Few businesses can’t communicate without some kind of printed sales literature to hand out to customers and prospects. Organisations such as travel agencies, industrial manufacturers, insurance agencies and many others depend on printed advertising to help make the sale. The one thing that these companies have in common is that they use a brochure.
People love tangible devices which is why brochures are a convenient medium. They provide information for prospects to take home and study at their leisure.
Brochures are a convenient medium. They provide information for prospects to take home and study at their leisure.
There are different types of brochures and to know which one to use is to know where the brochure fits into the buying process.
When you think about it, most packaged goods are sold in a single step. Consider household items such as toothbrushes, deodorants and canned foods.
On the other hand, goods and services such as computers, cars, financial services and club memberships require several meetings between the organisation (seller) and prospect (buyer) before the sale is closed.
The content of every brochure is unique; however, many of them share common characteristics. Below is a list of three categories:
Brochure about a service
The introduction should outline the services offered, types of accounts handled and why the reader should consider your service.
Brochure about a product
The introduction should cover a description of the product and why readers should consider your product.
Brochure about a company
For businesses engaged in a corporate structure (parent company, divisions, departments, subsidiaries, branch offices). The introduction should cover the company history and philosophy.
To know where your brochure fits into the buying process, below is a list of five types to help you determine the right one for your business.
Leave behind (post-meeting)
As the name suggests, this is the type of brochure that you leave behind after a meeting with a potential client. The contents should summarise your sales pitch with information on the product/service and its benefits.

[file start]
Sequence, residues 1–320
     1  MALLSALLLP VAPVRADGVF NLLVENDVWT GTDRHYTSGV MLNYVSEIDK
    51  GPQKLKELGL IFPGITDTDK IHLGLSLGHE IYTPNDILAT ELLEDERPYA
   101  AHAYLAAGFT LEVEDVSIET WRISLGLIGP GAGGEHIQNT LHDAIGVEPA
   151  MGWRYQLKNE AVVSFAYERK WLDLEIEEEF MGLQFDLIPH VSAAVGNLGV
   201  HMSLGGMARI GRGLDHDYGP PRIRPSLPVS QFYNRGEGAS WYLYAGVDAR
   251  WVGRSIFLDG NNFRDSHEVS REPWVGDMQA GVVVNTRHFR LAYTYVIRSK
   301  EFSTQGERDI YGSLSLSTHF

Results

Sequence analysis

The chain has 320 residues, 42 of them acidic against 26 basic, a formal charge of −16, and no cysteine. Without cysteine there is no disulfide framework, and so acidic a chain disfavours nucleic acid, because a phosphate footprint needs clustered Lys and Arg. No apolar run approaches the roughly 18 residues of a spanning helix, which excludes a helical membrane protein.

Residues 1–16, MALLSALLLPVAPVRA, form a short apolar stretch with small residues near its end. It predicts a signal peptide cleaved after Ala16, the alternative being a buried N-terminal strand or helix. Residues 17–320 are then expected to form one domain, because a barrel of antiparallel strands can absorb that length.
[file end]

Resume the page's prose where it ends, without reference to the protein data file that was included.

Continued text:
If you have visited a travel agency or tour guide’s office, you will recall seeing a display of colourful brochures mounted on the wall or neatly placed on a desk. This type of brochure always contains an eye-catching headline and beautiful imagery.
Salespeople who visit prospects in their home or office often use this type of brochure as selling aids in their pitches. Contents include bold headlines, large images and subheadings to guide the reader through the pitch.
This is the brochure to use when a prospect requests more information on your product or service. This is different from sales support because the person requesting this information is interested in what you have to offer. Consider it a hot sales lead. This simply means that someone is likely to buy from you over someone who has not contacted you.
Direct mail supplement
A direct mail is a type of medium in which businesses send letters, postcards, or other promotional materials to customers and prospects. Brochure contents should provide additional sales points, lists technical features and drawings of the product not covered within the sales letter. The size is slim and is specifically designed to fit in a standard mailing envelope.
In short, each brochure has a purpose in the sales process. Knowing the different types will help you determine the best fit for your business to maximise your selling potential. When in doubt, check with a copywriter.
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Source: The Copywriter’s Handbook by Robert W. Bly
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